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Postby greeney2 » Thu Apr 22, 2010 11:35 pm

I have a bunch of 45's my sister and I both bought in the 50's, lots of elvis, Rick Nelson, but most of the things you put in the center we have are made from metal not plastic.

I remember the old tinsel we had for the Christmas tree was that old lead stings of tinsel. It was very heavy. Also the old fashioned bulbs, the long pointed kind about 1/2 inch in diameter, 2 inches long, and the glass was ribbed lengthwise. That stuff probably was my parnets in the 40's.
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Postby at1with0 » Fri Apr 23, 2010 11:23 am

2 decades ago is more than half my life. I'm still a baby, really.

At least my grandpa would say so.

Let's see...I often think in terms of computers. The internet wasn't mainstream back then. There were bulletin boards BBS I think they were called. There was a sysop who was like a webmaster. We connected to them with modems whose speed was 2400 baud. The 56,000 baud modem was bomb when it came out. Let's see, the 56k would run at 5.6 kb/s max so I guess a 2400 baud modem ran at 0.24 kb/s. My internet connection now is about 700 kb/s.

12kHz was a good speed for a CPU, and I remember a time before math co-processors which was the big thing with the 386 computer. Eventually CPUs had math co-processors built in. With Intel's first 586 (aka pentium), there was some errors that needed patching.

An i7 CPU can run at 3 GHz times four CPUs. 3GHz, that's 3 billion cycles per second. 12kHz is 12,000.

Moore's law.

The first computer I had with a hard disk was a 286 with a 40MB hdd. 40MB is enough room for fewer than 10 mp3s. Electronic film for digital cameras now hold 2 GB easy. That's 2 billion compared to 40 million. And they have hard drives now that go up to 2TB, 2 trillion bytes. In those days, DOS 5.1 was a big deal because it allowed users to compresses their OS files to save room but nowadays, DOS is so utterly primitive it's almost hilarious. No multitasking whatsoever.

I believe the first hard drive was developed by IBM I forget what year but I surmise 70's or 80's. It was huge and could hold ONE MB. I believe it looked something like this:

If I recall, it was used for the Olympics.

And now they have solid state drives which have no moving parts and are uber fast, though still quite expensive.

One searched the internet through what were called gophers. Rudimentary search engines.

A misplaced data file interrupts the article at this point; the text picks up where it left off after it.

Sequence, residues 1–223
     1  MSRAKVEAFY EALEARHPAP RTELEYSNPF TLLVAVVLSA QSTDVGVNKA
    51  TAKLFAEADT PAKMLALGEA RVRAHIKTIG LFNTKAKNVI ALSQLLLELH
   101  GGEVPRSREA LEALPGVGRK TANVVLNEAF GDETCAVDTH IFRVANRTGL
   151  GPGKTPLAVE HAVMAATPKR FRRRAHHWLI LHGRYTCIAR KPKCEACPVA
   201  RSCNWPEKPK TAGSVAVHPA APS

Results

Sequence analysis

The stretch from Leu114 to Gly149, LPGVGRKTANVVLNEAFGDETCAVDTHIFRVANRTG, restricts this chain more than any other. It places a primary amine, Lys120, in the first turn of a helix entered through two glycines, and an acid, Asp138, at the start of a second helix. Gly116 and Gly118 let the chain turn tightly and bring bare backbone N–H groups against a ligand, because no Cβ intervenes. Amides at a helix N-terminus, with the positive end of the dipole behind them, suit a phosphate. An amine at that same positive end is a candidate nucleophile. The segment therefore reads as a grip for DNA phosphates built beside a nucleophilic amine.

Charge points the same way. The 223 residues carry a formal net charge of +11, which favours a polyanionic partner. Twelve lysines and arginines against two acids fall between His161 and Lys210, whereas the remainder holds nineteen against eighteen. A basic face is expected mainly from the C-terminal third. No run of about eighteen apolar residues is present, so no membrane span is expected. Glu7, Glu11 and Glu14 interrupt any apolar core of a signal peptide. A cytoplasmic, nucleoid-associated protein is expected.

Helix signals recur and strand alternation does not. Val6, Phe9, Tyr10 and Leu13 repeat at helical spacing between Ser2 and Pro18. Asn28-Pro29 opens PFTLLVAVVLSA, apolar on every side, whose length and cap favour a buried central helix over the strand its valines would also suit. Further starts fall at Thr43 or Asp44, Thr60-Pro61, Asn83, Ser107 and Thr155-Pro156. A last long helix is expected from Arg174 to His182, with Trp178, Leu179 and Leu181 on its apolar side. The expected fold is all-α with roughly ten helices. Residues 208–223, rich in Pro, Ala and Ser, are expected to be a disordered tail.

etc, etc.
"it is easy to grow crazy"
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Postby rath » Fri Apr 23, 2010 12:18 pm


Clean air

ect ect.
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Postby greeney2 » Sat Apr 24, 2010 11:22 am

Meals your Mother made long before the days of the Microwave.
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Postby greeney2 » Sat Apr 24, 2010 11:26 am

When evryone burned papers anbd burnables in a barrel or backyard incinerator. I recall when we moved to California, yards all had one of those but they were already illegal to use by 1960. Back in my Grandmothers hometown in farmcountry, people were allowed to burn leaves in the gutter and everyone had a 55 gal barrel to burn papers in.
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Postby mrshumphreys » Sun Apr 25, 2010 7:50 am

People still burn leaves and papers in the Poconos, greeney. At least, they still did the last time I was living there in the fall, about 2 years ago. Not many people, granted, but some. My Mom and step dad still have their barrel. :)
"It's like arguing with a brick wall, except the brick wall thinks you're an idiot, and thinks it's winning." - Humphreys, that sexy beast.

Ph'nglui mglw'nafh Cthulhu R'lyeh wgah'nagl fhtagn
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Postby greeney2 » Sun Apr 25, 2010 10:08 am

I remember when I first started to drive, gasoline was only .22 cents a gallon. I remember is under .20 cents. You could also buy real high octane gasoline when most motors had high compression and need leaded fuels.
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Postby BloodStone » Mon Apr 26, 2010 8:40 am

People still burn leaves and papers in the Poconos, greeney.
Yes we do . It is common here to have a burn barrel as the first thing you put in you're yard when you move in... :lol:

I don't use mine as much anymore, I take all my stuff to work... :mrgreen:

If it were raining hookers, I'd get hit by a fag.
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Postby shadowfx » Mon Apr 26, 2010 11:16 am

In this entire area (NH, VT and ME) almost everyone that's outside a city limits (majority of people) have burn barrels or even outdoor furnaces. The town I live in we are right on the border of the fire permit line and therefore can't have one.
Funny story about the outdoor furnaces for ya.
The largest dealer of them up until 2 years ago was here in the town I live in. The City Council passed a ban on them being used within city limits. So the guy who had a great business for the area up and moved. He moved his business 1 mile down the road so that he is now legally in a different town and can use his own furnaces.
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Postby rath » Mon Apr 26, 2010 11:34 am

Quality cartoons.
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